6. Fabrication Activity Detail – Are there any large, time-consuming fabrication activities including long-lead equipment that needs expanding into details to manage and monitor the progress?

Activity Durations

1. General Check – The schedule should reflect how long each activity will take to execute. In determining the duration of each activity, the same rationale, data, and assumptions used shall be defined in the Basis of Schedule, and the same tools and technique used for cost estimating. Furthermore, these durations should be as short as possible and have specific start and end dates.

2. High Duration – Check if the duration exceeds two reporting cycles, with the exemption of long lead item, and whether it is clearly discussed in the Basis of Schedule. Durations longer than 44 days or 2 months shall not exceed 5%.

3. Zero duration activities – Ensure that there are no zero duration task activities other than milestone.

4. Wet weather allowances/buffer – Wet weather or any schedule buffer shall be clearly detailed on the basis of schedule (BOS); if it is included on the activity duration/built-in on the rates or separate buffer activity and how it is being managed through the life cycle of the project.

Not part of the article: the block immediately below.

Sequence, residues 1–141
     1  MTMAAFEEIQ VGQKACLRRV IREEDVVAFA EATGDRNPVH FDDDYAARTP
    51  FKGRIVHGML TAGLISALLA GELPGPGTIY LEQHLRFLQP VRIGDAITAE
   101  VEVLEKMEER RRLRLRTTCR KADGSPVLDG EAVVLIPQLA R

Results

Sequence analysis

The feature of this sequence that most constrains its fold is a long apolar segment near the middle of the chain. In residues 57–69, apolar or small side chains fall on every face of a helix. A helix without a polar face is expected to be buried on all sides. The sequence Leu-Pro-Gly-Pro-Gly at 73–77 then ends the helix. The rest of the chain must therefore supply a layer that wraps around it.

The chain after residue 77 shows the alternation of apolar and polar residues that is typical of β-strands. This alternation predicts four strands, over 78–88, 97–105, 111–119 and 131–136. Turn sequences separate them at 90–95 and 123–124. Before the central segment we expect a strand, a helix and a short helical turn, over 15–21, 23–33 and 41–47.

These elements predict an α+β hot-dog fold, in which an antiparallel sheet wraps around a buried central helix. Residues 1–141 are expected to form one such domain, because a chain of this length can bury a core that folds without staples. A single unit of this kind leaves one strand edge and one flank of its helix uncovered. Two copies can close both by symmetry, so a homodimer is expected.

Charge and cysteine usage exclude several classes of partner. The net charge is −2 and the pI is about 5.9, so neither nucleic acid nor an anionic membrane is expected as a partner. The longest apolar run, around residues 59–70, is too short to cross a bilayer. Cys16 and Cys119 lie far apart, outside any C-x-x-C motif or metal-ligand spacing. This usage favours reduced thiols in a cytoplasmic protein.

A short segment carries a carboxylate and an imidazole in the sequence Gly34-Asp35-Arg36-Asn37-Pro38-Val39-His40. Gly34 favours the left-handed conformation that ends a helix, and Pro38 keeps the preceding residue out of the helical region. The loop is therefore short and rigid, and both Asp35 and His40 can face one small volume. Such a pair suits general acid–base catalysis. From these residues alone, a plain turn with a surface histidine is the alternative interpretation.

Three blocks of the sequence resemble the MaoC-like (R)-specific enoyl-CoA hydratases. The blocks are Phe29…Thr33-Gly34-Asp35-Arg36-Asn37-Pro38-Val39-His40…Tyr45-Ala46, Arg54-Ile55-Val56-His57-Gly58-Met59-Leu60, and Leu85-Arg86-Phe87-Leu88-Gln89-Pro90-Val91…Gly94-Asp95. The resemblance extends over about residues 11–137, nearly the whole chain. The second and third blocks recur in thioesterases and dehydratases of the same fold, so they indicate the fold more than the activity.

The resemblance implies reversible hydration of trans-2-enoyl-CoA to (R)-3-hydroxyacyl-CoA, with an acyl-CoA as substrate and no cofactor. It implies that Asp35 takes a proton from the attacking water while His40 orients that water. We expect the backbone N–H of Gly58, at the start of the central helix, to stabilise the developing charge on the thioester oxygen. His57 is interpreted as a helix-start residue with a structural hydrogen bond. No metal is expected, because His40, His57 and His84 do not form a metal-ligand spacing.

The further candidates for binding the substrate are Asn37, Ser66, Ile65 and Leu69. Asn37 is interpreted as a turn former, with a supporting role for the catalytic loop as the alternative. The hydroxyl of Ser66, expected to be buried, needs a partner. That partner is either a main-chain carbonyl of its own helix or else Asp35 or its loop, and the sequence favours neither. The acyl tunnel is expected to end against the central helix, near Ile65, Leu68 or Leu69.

Activity Analysis

1. Activity Distribution Histogram – Confirm that the level of detail in the schedule is roughly equally distributed from start to finish of the project.

2. Mechanically incorrect dates – Are there any activities that have missing early start and finish dates. Finish dates should not be earlier than start dates (a situation which generates a calculation of negative float).

3. Actual Dates – Check that the schedule does not contain actual dates.

4. Proper activity types – Test if activity durations do not change automatically depending upon resource assignment or other activity’s durations.

5. Proper measurement of activity completion – Check and validate the settings for activity percent complete complies with specification (duration, unit, physical, etc…)

6. Missing activity description – Confirm that all activities are present and described are appropriate and reasonable.

7. Duplicate descriptions activity – Ensure all activities have unique identification and description.

Activity Codes

1. Activity Codes Structure – Confirm that the activity coding is compliant with the scheduling specification and follows scheduling best practice. Ensure the schedule contains, at a minimum, activity codes fields designating location, phase, discipline and responsibility.